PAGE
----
Ada Lovelace Day: Inspiring women in action
Ada Lovelace Day (7 October) aims to raise the profile of women in science, technology, engineering and maths by encouraging people around the world to talk about the women whose work they admire. Ada Lovelace (1815-1852) was an English female writer and mathematician, widely held to have been the first computer programmer.
Our tribute for Ada Lovelace Day goes to women who are constantly working to make our world a more transparent and fair place; brave social leaders denouncing corruption while providing tools and directing campaigns who are increasing our awareness and uniting us to act for change. As we have done in the past, this year we are including smart women in the intersection between technology and social change who are a central presence in projects promoting a more accountable and transparent society. Our tributes Fernanda Viegas (@viegasf) is on the list of the top 100 more influential Brazilians. She is a computational designer whose work focuses on the social, collaborative, and artistic aspects of information visualization. Viegas is a co-leader, with Martin Wattenberg, of Google’s ‘Big Picture’ data visualization group in Cambridge, MA. She is also one of the great minds behind public visualization platform Many Eyes, an experiment in open, public data visualization and analysis. In this video you can see her talk in TedX Sao Paulo: Hok Kakada from Cambodia is creating a software program that will help Cambodian hospitals store data more accurately, allowing for better treatment. All her work is based on Open Source software. She challenged the difficulties girls face in her country and obtained a master degree in Japan. Linda Kamau (@lkamau) is one of the coders behind the well known Ushahidi initiative. She is a software developer based in Kenya with a degree in Business Information Technology. Kamau develops both web and mobile applications and is contributing to change across continents, from election monitoring to corruption mapping. Brenda Burell is the technical mind behind the Freedom Fone Project, a voice database where users can access news and public-interest information via land, mobile or Internet phones. Previously she directed the Kubatana initiative in Zimbabwe. Camila Bustamante (@cabude), from Peru, is working on the design front, on design strategies for participatory processes mainly related to urban mobility, public space and new media. In 2010 Camila iniciated Todos somos dateros (”We are all data providers”), a participatory mechanism for sustainable urban mobility in Lima. Working from the UK-based Open Knowledge Foundation, Kat Braybrooke @kat_braybrooke is a front-end web developer and Lucy Chambers (@lucyfedia) is in the process of learning how to code. They are involved in the organization of the world’s biggest open government event, the Open Government Data Camp in Warsaw. Kristin Antin (@kjantin) from the United States is participating in the design and organization of New Tactics in Human Rights, a technical on-line platform providing resources to human rights advocates that offer innovative tactical solutions for confronting specific local challenges, using technology. Stephanie Hankey is the co-founder of Tactical Technology Collective, a small non-governmental organization dedicated to advance the skills, tools and techniques of rights advocates, empowering them to use information and communications as a critical asset in helping marginalised communities understand and effect progressive social, environmental and political change. Daniela Silva (@danielabsilva) from Brazil is the founder of Sfera Brazil and Transparencia Hacker a community of over 800 designers, developers, coders and even government officers developing huge projects together to promote transparency and accountability. These are some examples of brilliant women who are not afraid of the mouse, the screen, or the complexities of coding. They are inspiring others by doing amazing projects, all of them contributing to social change. If you have an example in mind today, we invite you to write about them, to describe the amazing women working in technology you know; women who are an example and inspiration for girls in the generations to come as Ada Lovelace, more than hundred years ago, was for many others. Share your stories and inspire others!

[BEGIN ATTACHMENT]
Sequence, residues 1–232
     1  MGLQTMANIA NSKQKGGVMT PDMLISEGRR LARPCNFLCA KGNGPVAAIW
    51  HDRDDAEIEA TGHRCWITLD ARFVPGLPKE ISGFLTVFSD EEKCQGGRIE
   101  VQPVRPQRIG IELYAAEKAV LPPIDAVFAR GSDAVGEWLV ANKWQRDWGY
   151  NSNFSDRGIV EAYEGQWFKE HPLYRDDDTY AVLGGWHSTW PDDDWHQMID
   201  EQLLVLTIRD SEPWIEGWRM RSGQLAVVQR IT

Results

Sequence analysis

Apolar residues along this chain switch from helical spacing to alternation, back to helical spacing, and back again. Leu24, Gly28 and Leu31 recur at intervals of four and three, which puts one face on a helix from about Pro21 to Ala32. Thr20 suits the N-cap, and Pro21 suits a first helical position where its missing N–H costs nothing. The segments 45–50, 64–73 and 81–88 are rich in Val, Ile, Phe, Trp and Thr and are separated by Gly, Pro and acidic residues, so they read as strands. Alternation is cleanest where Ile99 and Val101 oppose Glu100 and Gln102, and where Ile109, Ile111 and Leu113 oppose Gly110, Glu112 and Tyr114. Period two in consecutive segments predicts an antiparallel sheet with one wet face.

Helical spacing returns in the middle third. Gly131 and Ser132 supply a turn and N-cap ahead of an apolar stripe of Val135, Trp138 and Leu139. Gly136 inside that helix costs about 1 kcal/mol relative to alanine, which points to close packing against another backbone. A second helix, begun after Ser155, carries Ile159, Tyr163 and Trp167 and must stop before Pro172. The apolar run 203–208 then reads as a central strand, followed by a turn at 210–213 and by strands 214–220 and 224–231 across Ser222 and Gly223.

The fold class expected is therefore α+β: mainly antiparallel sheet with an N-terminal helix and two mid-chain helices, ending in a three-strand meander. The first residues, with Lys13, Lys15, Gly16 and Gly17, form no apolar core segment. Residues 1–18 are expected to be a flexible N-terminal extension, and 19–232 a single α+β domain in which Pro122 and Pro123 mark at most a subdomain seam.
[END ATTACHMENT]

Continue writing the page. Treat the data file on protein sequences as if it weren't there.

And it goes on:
By Renata Avila in Global Voices.